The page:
Think I did 4 layers of 4 oz., decided I needed to fill.
Tinted red again to aid colour matching.
But since I had a lot of filler, I was squeezing in a lot of pigment.
The dropper thing shot out of the bottle, dumping about 25 mil. of pigment in.
Well I wanted red......
To be continued......
Sanded the red filler, more glass with red resin, progressively overlapping the old skin.
And decided I was never going to colour match the red. Instead of a bad red patch, would add a white stripe.
Tempted to go for the Search "Nozza" scheme, even masked the logos to do it, changed my mind to a diagonal white stripe.
More filler, untinted, sanded.
December 20th now, Christmas looming.
Decided it was faired enough, time to find the box again.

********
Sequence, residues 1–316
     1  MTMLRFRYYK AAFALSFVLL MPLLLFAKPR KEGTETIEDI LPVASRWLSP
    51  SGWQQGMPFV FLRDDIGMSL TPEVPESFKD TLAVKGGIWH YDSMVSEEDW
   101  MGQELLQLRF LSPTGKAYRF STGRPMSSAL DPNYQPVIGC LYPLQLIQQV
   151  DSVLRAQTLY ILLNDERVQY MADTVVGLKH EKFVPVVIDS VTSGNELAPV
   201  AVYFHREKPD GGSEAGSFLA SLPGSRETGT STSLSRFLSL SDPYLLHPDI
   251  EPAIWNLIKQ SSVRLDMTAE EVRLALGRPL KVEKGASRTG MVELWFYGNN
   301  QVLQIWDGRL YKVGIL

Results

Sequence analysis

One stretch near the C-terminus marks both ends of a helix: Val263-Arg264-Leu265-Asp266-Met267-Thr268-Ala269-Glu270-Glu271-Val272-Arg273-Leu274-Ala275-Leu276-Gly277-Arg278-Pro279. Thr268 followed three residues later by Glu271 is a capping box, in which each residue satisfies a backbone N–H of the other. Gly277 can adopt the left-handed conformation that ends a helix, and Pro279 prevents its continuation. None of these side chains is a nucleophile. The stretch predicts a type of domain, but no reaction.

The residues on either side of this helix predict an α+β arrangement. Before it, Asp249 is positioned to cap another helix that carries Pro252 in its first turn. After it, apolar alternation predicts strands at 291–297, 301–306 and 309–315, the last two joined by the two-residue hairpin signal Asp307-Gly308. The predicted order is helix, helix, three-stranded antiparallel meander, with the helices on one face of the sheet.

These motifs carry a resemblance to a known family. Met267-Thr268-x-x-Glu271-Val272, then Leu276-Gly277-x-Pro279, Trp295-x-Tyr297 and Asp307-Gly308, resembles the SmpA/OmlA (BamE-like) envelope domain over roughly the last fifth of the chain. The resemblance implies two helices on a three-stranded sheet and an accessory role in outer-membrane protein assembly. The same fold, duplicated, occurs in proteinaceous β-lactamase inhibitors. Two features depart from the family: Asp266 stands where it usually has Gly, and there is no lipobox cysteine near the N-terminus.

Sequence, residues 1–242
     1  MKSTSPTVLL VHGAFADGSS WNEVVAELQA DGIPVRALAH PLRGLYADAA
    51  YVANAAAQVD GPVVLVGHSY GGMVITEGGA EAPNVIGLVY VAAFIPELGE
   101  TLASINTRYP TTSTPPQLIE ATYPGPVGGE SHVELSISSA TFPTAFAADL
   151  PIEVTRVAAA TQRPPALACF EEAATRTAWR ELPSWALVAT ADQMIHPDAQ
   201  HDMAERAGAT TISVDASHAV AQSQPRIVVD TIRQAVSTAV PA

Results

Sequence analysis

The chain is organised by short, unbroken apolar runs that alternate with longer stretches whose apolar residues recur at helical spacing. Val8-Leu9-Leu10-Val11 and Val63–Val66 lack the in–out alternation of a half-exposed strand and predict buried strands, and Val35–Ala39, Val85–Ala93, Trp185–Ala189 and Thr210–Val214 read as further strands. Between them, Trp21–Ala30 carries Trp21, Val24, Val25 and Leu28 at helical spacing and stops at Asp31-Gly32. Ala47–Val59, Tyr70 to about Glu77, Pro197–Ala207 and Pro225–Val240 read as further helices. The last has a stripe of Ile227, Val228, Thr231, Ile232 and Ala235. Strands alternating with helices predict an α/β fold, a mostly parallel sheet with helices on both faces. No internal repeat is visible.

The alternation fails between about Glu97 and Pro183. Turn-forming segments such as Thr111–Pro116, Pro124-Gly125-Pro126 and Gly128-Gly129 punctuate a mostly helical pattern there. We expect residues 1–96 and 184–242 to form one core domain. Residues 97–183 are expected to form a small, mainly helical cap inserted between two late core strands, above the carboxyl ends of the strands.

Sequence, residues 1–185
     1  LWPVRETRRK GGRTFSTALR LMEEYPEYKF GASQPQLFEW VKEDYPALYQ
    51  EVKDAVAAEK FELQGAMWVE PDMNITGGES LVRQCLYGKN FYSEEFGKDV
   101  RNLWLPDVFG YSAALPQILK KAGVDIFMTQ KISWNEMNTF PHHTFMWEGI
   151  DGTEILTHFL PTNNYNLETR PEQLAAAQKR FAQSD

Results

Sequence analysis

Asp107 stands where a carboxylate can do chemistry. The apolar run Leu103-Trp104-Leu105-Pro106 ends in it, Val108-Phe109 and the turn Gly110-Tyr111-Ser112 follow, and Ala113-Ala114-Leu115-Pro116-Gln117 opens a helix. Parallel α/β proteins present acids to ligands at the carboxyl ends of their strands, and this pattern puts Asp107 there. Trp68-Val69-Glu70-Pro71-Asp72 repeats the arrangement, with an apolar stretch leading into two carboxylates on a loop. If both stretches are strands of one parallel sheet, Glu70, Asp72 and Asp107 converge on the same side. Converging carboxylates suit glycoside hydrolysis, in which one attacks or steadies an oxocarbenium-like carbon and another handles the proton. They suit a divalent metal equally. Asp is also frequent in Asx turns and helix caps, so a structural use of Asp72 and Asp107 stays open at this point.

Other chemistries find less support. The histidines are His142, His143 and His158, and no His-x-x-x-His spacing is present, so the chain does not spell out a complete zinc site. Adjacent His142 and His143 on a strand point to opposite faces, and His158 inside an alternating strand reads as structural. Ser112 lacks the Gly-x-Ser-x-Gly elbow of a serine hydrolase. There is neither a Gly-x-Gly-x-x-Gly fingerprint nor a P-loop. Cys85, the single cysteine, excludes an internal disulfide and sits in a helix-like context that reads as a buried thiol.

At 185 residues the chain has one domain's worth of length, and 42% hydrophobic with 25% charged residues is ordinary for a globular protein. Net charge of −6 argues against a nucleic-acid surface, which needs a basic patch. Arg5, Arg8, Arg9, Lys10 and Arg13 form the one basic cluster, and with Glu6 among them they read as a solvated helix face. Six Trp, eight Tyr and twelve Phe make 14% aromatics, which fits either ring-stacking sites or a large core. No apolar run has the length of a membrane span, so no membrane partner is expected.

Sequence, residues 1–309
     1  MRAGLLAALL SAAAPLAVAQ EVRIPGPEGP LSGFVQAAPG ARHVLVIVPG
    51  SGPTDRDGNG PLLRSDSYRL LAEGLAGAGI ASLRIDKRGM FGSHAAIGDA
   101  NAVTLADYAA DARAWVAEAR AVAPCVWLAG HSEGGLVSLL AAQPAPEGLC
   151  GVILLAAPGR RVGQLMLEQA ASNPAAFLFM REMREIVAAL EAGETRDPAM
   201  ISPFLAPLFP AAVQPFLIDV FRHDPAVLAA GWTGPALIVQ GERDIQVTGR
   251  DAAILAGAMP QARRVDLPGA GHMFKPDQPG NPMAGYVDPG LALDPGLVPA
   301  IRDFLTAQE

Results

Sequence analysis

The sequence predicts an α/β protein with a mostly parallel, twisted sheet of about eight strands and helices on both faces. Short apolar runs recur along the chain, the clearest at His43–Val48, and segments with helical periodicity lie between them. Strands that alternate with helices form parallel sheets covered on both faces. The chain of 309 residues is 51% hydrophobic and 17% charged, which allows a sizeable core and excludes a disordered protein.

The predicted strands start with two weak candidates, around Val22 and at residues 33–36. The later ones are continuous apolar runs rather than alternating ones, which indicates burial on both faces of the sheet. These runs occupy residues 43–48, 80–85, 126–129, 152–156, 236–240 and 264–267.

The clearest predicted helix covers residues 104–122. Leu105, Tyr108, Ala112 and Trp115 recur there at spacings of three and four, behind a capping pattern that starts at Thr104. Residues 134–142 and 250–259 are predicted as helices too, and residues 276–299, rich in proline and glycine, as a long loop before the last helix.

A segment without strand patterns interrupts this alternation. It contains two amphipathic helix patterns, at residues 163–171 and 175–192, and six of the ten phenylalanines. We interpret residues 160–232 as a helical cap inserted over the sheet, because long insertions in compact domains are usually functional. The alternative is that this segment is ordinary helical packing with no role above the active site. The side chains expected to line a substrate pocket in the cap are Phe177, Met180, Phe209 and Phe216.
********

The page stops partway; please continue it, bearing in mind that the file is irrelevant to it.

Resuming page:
Filed away the glass - much more successfully with thicker layers.
Filed box, fitted a fin.
Marked out the stripe, sanded.
First coat of paint.
Rushed the coats a bit over the next couple of days, unmasked on Christmas eve.
Christmas interruption, packed up boards, tools, deck pads and shifted base to Phillip Island on December 27th.
My plan was now to make a deck pad with the same diagonal white stripe as the board.
Red and white pads I had ordered for the Search had arrived.
Traced a pattern from the old pad.
Tried to mask off the railsaver with glad wrap, soaked the pad.
I was very heavy handed with the turps, resulting in most of Ventnor smelling like turpentine.
Let it soak overnight, cold, windy day gave the opportunity for more progress.
Waited as long as I could, checked the pad.
Peeled easily, re applied the soaked towels to the remaining glue.
Discovered I'd forgotten to bring a scraper, made do with a wide chisel.
Cleaned off easily.